# Famous Theorems of Mathematics/Geometry/Cones

## VolumeEdit

• Claim: The volume of a conic solid whose base has area b and whose height is h is ${1\over 3} b h$.

Proof: Let $\vec \alpha (t)$ be a simple planar loop in $\mathbb{R}^3$. Let $\vec v$ be the vertex point, outside of the plane of $\vec \alpha$.

Let the conic solid be parametrized by

$\vec \sigma (\lambda, t) = (1 - \lambda) \vec v + \lambda \, \vec \alpha (t)$

where $\lambda, t \isin [0, 1]$.

For a fixed $\lambda = \lambda_0$, the curve $\vec \sigma (\lambda_0, t) = (1 - \lambda_0) \vec v + \lambda_0 \, \vec \alpha (t)$ is planar. Why? Because if $\vec \alpha(t)$ is planar, then since $\lambda_0 \, \vec \alpha(t)$ is just a magnification of $\vec \alpha(t)$, it is also planar, and $(1 - \lambda_0) \vec v + \lambda_0 \, \vec \alpha(t)$ is just a translation of $\lambda_0 \, \vec \alpha(t)$, so it is planar.

Moreover, the shape of $\vec \sigma (\lambda_0, t)$ is similar to the shape of $\alpha(t)$, and the area enclosed by $\vec \sigma(\lambda_0, t)$ is $\lambda_0^2$ of the area enclosed by $\vec \alpha(t)$, which is b.

If the perpendiculars distance from the vertex to the plane of the base is h, then the distance between two slices $\lambda = \lambda_0$ and $\lambda = \lambda_1$, separated by $d\lambda = \lambda_1 - \lambda_0$ will be $h \, d\lambda$. Thus, the differential volume of a slice is

$dV = (\lambda^2 b) (h \, d\lambda)$

Now integrate the volume:

$V = \int_0^1 dV = \int_0^1 b h \lambda^2 \, d\lambda = b h \left[ {1\over 3} \lambda^3 \right]_0^1 = {1\over 3} b h,$

## Center of MassEdit

• Claim: the center of mass of a conic solid lies at one-fourth of the way from the center of mass of the base to the vertex.

Proof: Let $M = \rho V$ be the total mass of the conic solid where ρ is the uniform density and V is the volume (as given above).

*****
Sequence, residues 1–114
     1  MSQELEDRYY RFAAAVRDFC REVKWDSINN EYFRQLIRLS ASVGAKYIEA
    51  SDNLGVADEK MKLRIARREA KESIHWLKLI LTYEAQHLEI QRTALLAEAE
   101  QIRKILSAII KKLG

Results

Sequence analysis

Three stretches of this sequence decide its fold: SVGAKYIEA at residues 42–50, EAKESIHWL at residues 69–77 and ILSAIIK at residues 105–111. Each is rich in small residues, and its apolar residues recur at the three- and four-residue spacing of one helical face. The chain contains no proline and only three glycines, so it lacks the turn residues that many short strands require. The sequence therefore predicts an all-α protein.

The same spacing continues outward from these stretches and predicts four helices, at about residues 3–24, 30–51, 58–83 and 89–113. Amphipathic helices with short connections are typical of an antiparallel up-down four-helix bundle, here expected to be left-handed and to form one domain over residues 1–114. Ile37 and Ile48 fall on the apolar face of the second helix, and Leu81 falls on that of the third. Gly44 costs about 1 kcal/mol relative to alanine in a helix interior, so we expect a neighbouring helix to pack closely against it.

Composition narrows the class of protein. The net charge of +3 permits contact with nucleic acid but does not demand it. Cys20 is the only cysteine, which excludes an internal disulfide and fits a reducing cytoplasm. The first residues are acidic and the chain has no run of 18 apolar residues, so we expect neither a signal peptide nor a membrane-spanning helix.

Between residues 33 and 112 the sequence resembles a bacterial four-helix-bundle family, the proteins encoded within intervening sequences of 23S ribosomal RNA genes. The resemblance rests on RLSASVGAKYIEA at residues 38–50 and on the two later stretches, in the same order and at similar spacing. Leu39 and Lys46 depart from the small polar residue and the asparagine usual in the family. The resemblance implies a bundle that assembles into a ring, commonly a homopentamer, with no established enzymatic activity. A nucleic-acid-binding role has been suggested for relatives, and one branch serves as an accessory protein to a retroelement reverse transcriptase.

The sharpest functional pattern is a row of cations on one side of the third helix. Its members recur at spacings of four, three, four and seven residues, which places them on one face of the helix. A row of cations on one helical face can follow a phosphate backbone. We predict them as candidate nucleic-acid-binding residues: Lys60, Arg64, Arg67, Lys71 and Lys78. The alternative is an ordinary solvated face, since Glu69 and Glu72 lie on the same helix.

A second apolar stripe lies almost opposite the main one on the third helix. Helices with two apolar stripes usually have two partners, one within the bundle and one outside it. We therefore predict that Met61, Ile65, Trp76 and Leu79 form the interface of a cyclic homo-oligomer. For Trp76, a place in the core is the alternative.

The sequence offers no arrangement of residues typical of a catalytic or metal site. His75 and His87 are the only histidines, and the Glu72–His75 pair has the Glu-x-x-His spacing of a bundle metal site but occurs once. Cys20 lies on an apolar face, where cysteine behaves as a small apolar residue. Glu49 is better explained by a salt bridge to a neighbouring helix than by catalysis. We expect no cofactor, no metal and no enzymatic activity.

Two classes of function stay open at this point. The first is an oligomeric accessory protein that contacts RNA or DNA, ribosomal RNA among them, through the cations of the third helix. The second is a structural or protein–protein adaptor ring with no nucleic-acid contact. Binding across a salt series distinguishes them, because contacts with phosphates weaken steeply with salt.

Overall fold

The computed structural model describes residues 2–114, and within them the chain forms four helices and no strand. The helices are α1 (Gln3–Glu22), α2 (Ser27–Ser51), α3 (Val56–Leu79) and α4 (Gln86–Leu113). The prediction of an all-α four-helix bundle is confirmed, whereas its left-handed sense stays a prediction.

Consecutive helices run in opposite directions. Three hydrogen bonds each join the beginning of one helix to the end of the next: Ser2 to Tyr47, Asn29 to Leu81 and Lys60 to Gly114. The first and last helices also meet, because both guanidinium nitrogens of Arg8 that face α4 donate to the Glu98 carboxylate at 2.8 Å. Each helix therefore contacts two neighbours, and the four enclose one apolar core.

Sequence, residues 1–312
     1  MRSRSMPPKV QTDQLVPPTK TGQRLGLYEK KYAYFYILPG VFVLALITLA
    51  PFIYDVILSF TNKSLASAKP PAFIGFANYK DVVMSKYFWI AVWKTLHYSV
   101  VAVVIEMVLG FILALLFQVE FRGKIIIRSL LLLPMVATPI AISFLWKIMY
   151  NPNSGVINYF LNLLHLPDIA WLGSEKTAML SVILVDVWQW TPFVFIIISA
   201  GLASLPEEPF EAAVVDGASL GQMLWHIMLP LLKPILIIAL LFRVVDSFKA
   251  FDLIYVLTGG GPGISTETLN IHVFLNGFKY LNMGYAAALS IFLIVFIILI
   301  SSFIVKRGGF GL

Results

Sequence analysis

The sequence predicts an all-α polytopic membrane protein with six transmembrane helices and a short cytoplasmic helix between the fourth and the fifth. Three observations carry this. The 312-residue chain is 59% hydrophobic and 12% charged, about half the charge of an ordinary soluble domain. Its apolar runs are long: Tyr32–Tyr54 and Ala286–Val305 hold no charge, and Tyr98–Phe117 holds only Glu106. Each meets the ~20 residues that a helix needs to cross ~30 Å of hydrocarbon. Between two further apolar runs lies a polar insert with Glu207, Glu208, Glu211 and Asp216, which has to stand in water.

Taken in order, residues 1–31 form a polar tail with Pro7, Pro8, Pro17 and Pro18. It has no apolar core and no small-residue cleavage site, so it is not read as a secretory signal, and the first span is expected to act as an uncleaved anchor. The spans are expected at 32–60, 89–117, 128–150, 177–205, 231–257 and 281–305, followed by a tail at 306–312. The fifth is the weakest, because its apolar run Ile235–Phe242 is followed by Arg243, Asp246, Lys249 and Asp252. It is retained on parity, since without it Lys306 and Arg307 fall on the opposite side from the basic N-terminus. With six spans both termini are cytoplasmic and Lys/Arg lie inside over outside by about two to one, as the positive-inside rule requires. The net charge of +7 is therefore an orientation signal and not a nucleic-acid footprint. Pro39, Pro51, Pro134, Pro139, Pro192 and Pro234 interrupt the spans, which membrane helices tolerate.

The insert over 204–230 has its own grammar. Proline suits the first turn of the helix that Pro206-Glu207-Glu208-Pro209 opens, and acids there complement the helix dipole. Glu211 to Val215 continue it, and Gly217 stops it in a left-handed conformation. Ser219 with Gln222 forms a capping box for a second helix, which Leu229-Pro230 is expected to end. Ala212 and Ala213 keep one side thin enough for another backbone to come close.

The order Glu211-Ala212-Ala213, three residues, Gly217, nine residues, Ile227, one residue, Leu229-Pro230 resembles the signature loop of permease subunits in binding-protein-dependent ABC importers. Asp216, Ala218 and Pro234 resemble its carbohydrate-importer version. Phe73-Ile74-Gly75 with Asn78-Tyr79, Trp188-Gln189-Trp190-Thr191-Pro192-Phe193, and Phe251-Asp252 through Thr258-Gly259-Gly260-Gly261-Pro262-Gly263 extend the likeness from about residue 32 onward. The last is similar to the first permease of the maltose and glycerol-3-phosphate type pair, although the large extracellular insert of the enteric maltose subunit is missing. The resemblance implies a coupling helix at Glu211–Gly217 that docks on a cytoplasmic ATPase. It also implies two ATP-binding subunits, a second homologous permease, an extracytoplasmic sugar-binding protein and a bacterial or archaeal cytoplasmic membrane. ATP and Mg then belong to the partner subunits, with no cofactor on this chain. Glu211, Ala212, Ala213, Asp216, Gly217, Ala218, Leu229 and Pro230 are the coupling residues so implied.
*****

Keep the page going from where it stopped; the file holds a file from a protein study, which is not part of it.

A differential slice enclosed by the curve $\vec \sigma(\lambda_0, t)$, of fixed $\lambda = \lambda_0$, has differential mass

$dM = \rho \, dV = \rho b h \lambda^2 \, d\lambda$.

Let us say that the base of the cone has center of mass $\vec c_B$. Then the slice at $\lambda = \lambda_0$ has center of mass

$\vec c_S(\lambda_0) = (1 - \lambda_0) \vec v + \lambda_0 \vec c_B$.

Thus, the center of mass of the cone should be

$\vec c_{cone} = {1\over M} \int_0^1 \vec c_S(\lambda) \, dM$
$\qquad = {1\over M} \int_0^1 [(1 - \lambda) \vec v + \lambda \vec c_B] \rho b h \lambda^2 \, d\lambda$
$\qquad = {\rho b h \over M} \int_0^1 [\vec v \lambda^2 + (\vec c_B - \vec v) \lambda^3] \, d\lambda$
$\qquad = {\rho b h \over M} \left[ \vec v \int_0^1 \lambda^2 \, d\lambda + (\vec c_B - \vec v) \int_0^1 \lambda^3 \, d\lambda \right]$
$\qquad = {\rho b h \over {1\over 3} \rho b h} \left[ {1\over 3} \vec v + {1\over 4} (\vec c_B - \vec v) \right]$
$\qquad = 3 \left( {\vec v \over 12} + {\vec c_B \over 4}\right)$
$\vec c_{cone} = {\vec v \over 4} + {3\over 4} \vec c_B$,

which is to say, that $\vec c_{cone}$ lies one fourth of the way from $\vec c_B$ to $\vec v$.

## Dimensional ComparisonEdit

Note that the cone is, in a sense, a higher-dimensional version of a triangle, and that for the case of the triangle, the area is

${1\over 2} b h$

and the centroid lies 1/3 of the way from the center of mass of the base to the vertex.

A tetrahedron is a special type of cone, and it is also a stricter generalization of the triangle.

## Surface AreaEdit

• Claim: The Surface Area of a right circular cone is equal to $\pi r s + \pi r^2$, where $r$ is the radius of the cone and $s$ is the slant height equal to $\sqrt{r^2+h^2}$

Proof: The $\pi r^2$ refers to the area of the base of the cone, which is a circle of radius $r$. The rest of the formula can be derived as follows.

Cut $n$ slices from the vertex of the cone to points evenly spread along its base. Using a large enough value for $n$ causes these slices to yield a number of triangles, each with a width $dC$ and a height $s$, which is the slant height.

The number of triangles multiplied by $dC$ yields $C=2 \pi r$, the circumference of the circle. Integrate the area of each triangle, with respect to its base, $dC$, to obtain the lateral surface area of the cone, A.

$A = \int_0^{2 \pi r} \frac{1}{2} s dC$

$A = \left[ \frac{1}{2} s C \right]_0^{2 \pi r}$

$A = \pi r s\!$

$A = \pi r \sqrt{r^2 + h^2}$

Thus, the total surface area of the cone is equal to $\pi r^2 + \pi r \sqrt{r^2 + h^2}$